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Friday, April 4, 2008

Hillary Clinton on Compensation for Guamanians for World War II Suffering

As a senator, I have supported the Guam World War II Loyalty Recognition Act (H.R 1595), a bill passed by the U.S. House of Representatives. The legislation would implement the recommendations of the Guam War Claims Review Commission regarding claims of residents of Guam injured when the territory was under the military control of Imperial Japan during World War II.

I will continue to advocate for Senate passage of the bill this year, and its enactment into law. But, if those efforts are not successful, as President of the United States, I will get it passed next year so that we may provide these survivors and their families with the compensation they deserve for their courageous devotion to the United States during Japanese occupation.

By the time that the United States liberated Guam in July 1944, almost all of the island’s inhabitants had been interned, and many had been subjected to forced labor, forced marches, personal injuries, rape, or public execution. Although Guamanians received limited compensation immediately after the war, the restrictive procedures, narrow window for recovery, and incomplete range of compensable injuries left too many under-compensated. As the Commission concluded, their claims were not treated comparably to U.S. citizens or nationals of other territories who suffered disproportionate hardships during World War II. The bill would remedy that decades-old injustice.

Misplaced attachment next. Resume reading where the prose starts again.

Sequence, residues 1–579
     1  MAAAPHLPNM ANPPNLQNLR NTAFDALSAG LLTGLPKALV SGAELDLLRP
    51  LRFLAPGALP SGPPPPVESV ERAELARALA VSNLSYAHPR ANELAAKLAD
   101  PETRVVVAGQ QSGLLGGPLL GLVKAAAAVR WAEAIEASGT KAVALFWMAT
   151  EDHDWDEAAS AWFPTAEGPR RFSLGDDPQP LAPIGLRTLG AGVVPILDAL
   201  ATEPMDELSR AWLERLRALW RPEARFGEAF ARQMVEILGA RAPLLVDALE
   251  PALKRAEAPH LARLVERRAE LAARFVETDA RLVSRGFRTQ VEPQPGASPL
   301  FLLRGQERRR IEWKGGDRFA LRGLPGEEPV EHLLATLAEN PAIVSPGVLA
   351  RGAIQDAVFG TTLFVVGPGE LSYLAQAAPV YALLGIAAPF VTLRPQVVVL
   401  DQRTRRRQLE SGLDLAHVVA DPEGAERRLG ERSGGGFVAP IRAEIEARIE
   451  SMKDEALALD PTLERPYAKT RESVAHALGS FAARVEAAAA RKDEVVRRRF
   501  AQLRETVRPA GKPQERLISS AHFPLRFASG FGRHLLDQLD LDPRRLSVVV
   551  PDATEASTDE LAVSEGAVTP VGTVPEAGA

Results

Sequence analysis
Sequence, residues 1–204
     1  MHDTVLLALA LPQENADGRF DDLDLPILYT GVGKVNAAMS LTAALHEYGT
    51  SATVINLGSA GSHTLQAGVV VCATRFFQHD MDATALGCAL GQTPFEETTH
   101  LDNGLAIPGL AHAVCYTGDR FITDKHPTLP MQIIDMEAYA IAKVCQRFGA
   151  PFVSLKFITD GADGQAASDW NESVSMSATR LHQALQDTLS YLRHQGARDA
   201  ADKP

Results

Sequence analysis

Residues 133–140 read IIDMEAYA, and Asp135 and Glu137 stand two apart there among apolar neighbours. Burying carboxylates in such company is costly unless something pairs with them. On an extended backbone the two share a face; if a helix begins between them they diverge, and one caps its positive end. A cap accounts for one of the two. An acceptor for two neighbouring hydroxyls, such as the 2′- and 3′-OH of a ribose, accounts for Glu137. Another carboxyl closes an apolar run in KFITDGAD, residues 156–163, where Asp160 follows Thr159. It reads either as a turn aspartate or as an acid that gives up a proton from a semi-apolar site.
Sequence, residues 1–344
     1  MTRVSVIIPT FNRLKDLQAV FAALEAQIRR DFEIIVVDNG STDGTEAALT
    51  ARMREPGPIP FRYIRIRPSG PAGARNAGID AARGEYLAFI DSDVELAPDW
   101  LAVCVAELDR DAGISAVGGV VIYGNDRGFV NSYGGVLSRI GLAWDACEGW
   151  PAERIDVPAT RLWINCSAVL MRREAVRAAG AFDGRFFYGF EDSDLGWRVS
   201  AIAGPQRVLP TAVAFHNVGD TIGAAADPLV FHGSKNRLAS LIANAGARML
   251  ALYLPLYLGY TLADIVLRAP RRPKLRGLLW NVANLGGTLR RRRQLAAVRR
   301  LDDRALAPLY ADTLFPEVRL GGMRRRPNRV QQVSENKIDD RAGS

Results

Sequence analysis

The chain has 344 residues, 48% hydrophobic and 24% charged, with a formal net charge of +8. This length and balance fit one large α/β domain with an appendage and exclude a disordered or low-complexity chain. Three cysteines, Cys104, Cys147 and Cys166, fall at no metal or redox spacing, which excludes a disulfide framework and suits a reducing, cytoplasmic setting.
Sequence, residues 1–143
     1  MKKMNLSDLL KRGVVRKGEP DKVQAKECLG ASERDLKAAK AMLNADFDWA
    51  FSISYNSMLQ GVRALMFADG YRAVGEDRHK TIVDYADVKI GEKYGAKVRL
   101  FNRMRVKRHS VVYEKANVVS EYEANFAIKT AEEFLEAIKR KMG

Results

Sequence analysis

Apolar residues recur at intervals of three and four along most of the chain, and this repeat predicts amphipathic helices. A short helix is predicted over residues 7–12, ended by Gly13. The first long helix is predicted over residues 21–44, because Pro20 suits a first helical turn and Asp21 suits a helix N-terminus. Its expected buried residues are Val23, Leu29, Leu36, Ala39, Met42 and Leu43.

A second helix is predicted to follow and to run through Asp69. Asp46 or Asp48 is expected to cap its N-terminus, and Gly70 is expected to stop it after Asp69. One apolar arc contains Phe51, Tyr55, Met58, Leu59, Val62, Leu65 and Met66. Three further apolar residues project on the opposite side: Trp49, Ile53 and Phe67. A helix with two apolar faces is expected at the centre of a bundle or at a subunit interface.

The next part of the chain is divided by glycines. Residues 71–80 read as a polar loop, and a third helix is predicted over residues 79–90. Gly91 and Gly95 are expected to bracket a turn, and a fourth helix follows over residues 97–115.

The bill I support has four components.

1. It would recognize the injuries endured by the people of Guam during the occupation and their steadfast loyalty to the United States.
2. It would compensate Guam's residents for specific harms.
3. It would authorize a grant program for research, educational, and media activities to memorialize the occupation of Guam.
4. It would authorize $130 million for the grant program and compensation.

The legislation is particularly timely in light of the agreement between the United States and Japan to relocate the headquarters of the III Marine Expeditionary Force and 8,000 U.S. Marines from Okinawa to Guam by 2014. As a result of the move, Guam will play an even more vital role as a U.S. military staging area to the Asian theater than it has in the past. The U.S. citizens of Guam deserve to know that their assistance in the nation's defense will be accompanied by a robust commitment to protect the island and compensate its residents fairly for any harm they may suffer.

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